Document Detail

Imaging and percutaneous treatment of secondarily infected hepatic infarctions.
MedLine Citation:
PMID:  18287428     Owner:  NLM     Status:  MEDLINE    
OBJECTIVE: The objective of our study was to describe the imaging features and success rate of percutaneously treated infected hepatic infarctions. MATERIALS AND METHODS: Three hundred ninety-two patients had percutaneous liver abscess aspiration and drainage or aspiration and intraoperative débridement at our institution between 1990 and 2003. One hundred fifty-one of these patients underwent CT at least 2 days before the drainage procedure and immediately before the procedure. Retrospective review of the imaging and medical records identified 13 patients with microbiologically documented liver abscesses who had liver lesions consistent with hepatic infarction on the baseline CT. RESULTS: Twenty-one hepatic infarctions in 13 patients were documented on baseline CT, 15 of which became secondarily infected. Ten of 15 patients with infected infarctions had undergone either hepatic transplantation or the Whipple procedure. Although the left lobe was slightly more commonly infarcted than the right lobe (54% vs 46%, respectively), right lobe infarctions were more commonly superinfected than left lobe infarctions (61% vs 39%); however, neither of these distinctions was statistically significant. Twelve of 13 patients underwent percutaneous drainage. The duration of catheter drainage was significantly longer in patients in whom catheter drainage was complicated by biliary communication than those without biliary communication (61 vs 19 days, respectively). Eleven of 12 patients (92%) responded to drainage such that they survived to discharge from the hospital. CONCLUSION: Patients with hepatic infarctions are at risk for secondary infection, particularly those patients having undergone surgery involving the porta hepatis. Percutaneous abscess drainage can be performed safely with excellent technical and clinical outcomes in this complex patient population.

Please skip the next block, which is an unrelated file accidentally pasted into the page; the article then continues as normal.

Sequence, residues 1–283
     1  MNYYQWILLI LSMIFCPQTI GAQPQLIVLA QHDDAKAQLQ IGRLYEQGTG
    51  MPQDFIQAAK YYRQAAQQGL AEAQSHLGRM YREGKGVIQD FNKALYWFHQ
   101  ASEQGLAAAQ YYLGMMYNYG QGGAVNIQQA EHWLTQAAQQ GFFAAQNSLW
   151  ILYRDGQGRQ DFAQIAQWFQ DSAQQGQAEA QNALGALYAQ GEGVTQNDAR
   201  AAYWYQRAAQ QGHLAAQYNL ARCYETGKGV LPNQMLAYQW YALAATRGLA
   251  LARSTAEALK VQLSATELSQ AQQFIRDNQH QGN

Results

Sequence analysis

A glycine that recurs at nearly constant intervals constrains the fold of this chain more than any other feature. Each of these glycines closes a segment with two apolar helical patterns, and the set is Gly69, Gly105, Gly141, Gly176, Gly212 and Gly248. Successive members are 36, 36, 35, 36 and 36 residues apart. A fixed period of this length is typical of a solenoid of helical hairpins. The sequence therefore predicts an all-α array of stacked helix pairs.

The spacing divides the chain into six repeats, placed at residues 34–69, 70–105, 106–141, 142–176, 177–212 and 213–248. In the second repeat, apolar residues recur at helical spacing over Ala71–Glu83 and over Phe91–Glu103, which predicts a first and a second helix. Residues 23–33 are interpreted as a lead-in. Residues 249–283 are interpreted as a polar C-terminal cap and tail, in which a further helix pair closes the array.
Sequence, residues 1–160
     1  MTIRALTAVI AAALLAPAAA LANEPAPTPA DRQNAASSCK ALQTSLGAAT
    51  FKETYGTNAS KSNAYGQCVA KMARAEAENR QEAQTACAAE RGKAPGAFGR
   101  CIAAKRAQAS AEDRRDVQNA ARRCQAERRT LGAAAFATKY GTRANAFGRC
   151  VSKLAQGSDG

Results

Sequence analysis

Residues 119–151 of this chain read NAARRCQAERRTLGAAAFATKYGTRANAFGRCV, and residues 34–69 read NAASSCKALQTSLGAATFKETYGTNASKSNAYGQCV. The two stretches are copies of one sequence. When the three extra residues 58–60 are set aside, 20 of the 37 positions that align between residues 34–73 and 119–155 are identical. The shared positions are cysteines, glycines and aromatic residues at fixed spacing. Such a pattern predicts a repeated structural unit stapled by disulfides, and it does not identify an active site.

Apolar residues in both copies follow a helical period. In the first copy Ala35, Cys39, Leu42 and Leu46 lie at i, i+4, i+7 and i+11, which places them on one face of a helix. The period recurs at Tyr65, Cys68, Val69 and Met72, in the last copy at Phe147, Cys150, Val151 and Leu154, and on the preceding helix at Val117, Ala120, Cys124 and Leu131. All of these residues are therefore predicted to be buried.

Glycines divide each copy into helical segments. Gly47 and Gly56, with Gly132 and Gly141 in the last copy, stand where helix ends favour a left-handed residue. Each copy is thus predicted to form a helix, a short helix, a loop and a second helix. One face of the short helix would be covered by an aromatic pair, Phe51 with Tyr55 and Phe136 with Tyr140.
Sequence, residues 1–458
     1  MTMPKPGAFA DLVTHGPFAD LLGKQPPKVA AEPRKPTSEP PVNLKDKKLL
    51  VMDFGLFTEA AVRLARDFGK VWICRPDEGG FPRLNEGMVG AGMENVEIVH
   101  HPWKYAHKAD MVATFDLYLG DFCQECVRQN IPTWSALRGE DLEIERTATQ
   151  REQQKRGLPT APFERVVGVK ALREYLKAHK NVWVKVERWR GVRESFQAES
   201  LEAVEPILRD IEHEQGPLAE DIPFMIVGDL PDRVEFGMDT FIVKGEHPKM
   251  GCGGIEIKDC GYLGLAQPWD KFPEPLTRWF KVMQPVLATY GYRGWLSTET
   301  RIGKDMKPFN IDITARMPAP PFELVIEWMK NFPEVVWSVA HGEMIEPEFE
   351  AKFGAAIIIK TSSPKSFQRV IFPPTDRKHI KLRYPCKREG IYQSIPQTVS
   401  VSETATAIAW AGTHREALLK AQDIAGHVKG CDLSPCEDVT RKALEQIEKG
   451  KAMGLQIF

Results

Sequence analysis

Bruce G Stewart; Debra A Gervais; Mary J O'Neill; Giles W Boland; Peter F Hahn; Peter R Mueller
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Publication Detail:
Type:  Journal Article    
Journal Detail:
Title:  AJR. American journal of roentgenology     Volume:  190     ISSN:  1546-3141     ISO Abbreviation:  AJR Am J Roentgenol     Publication Date:  2008 Mar 
Date Detail:
Created Date:  2008-02-21     Completed Date:  2008-04-10     Revised Date:  -    
Medline Journal Info:
Nlm Unique ID:  7708173     Medline TA:  AJR Am J Roentgenol     Country:  United States    
Other Details:
Languages:  eng     Pagination:  601-7     Citation Subset:  AIM; IM    
Department of Radiology, Division of Abdominal Imaging and Intervention, Massachusetts General Hospital, 55 Fruit St., White 270, Boston, MA 02114, USA.
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MeSH Terms
Cohort Studies
Infarction / complications*
Liver / blood supply*
Liver Abscess / etiology,  radiography*,  surgery*
Middle Aged
Retrospective Studies
Suction / methods*
Tomography, X-Ray Computed*
Treatment Outcome

From MEDLINE®/PubMed®, a database of the U.S. National Library of Medicine

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